8 FEMMES/8 WOMEN

8 FEMMES/8 WOMEN
3.5 Stars
Year Released: 2002
MPAA Rating: R
Running Time: 103 minutes
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Films often demand the viewer to suspend his disbelief and accept the events happening on the screen as normal and characteristic of that particular story world. Should you decide to watch 8 Femmes/8 Women, make sure to suspend your disbelief in advance. Not only is this French film set in one location and is directed as if it was a play, but the characters—all women—also burst into song numbers that are occasionally accompanied by pseudo-choreographed dance moves.

8 Femmes begins and ends in a chateau-like residence where the man of the house is discovered dead in his bed. All of the eight women who know him are suspects: two maids (Firmine Richard & Emmanuelle Beart), one wife (Catherine Deneuve), one sister (Fanny Ardant), one mother-in-law (Danielle Darrieux), one sister-in-law (Isabelle Hubert), and two daughters (Virginie Ledoyen & Ludivine Sagnier). Trapped in this country estate for an entire day, they bicker, accuse each other, and divulge secrets all in the name of discovering the identity of the killer.

The who-done-it aspect of the plot is nothing new, but what makes 8 Femmes so unique and slightly disconcerting is the way in which the story is presented. As soon as the film starts, the sets remind you of a fairy tale. The snowy forest and the exterior of the house look like borrowed sets from a performance of The Nutcracker ballet. Once the action commences inside the house, the next thing you notice is how much the film looks like a play (interestingly, the film is based on a play by the late Robert Thomas). The characters’ movements, body language, and points of entering and exiting the frame appear as though a theatre director staged them.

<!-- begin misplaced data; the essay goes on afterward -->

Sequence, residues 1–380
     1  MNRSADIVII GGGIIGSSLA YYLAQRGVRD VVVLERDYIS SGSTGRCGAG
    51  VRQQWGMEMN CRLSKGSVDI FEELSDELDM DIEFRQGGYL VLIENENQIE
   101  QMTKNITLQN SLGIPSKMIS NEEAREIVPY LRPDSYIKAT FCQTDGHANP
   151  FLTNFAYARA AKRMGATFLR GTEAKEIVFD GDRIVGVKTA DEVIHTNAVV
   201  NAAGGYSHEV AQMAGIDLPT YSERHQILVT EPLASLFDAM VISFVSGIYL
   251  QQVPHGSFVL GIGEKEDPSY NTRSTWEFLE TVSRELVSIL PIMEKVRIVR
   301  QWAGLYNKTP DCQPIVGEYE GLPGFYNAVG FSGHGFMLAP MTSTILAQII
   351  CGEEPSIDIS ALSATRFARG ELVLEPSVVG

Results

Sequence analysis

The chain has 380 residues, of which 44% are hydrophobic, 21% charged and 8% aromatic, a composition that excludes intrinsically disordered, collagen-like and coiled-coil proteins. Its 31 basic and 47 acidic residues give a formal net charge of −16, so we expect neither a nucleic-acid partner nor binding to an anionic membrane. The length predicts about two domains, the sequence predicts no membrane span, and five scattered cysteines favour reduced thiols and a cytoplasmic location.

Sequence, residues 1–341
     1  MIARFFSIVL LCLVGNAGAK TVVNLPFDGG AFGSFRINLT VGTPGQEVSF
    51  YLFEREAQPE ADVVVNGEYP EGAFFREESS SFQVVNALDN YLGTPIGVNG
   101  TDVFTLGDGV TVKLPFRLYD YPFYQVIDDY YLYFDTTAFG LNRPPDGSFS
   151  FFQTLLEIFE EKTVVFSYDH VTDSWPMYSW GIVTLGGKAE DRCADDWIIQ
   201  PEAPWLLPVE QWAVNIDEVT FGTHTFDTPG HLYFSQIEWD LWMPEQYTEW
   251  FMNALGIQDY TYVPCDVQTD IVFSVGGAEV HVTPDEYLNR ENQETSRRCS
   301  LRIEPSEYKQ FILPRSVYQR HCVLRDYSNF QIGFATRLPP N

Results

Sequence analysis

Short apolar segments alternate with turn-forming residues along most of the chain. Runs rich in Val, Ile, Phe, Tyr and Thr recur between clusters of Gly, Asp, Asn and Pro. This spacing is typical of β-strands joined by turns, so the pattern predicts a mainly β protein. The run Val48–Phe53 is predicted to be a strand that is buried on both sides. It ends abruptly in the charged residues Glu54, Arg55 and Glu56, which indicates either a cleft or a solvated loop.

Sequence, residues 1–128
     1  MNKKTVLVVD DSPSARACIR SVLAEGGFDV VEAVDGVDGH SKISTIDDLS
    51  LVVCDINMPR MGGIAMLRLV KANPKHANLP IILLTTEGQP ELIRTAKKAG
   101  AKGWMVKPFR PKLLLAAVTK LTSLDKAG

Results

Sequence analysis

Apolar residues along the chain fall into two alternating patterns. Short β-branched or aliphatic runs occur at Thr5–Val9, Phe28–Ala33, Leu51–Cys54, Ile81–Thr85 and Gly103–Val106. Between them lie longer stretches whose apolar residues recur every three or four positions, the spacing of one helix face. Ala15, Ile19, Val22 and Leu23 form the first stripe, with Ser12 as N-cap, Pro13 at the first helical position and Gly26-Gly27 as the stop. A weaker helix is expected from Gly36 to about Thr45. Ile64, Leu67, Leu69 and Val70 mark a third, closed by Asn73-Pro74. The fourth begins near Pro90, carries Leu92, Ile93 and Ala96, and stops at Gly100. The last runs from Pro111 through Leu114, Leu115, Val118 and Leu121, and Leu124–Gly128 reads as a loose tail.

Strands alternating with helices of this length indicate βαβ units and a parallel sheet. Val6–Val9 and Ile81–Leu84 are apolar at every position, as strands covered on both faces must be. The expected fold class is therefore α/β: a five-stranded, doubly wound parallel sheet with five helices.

Moreover, the camera doesn’t do anything fancy that would attract attention to itself. Most of the action takes place in the living room, which is at the foot of the stairs. The camera is almost always in front of the characters too. Even when they suddenly begin singing—and each of the women have their own number—the camera remains in front, creating the illusion that you’re watching a musical on stage rather than a movie.

Technically, 8 Femmes is more than a “filmed play;” it’s a musical. While the content of the songs do not necessarily advance or pertain to the plot, the characters are expressing themselves by singing rather than speaking. This preference of song over spoken word is an essential element of what makes a musical a musical. Clearly, a film, which is really a musical, that looks like a play isn’t for everyone. But it’s such random fun. It’s just like Clue…only with an all female cast.



Posted on March 2, 2004 in Reviews by
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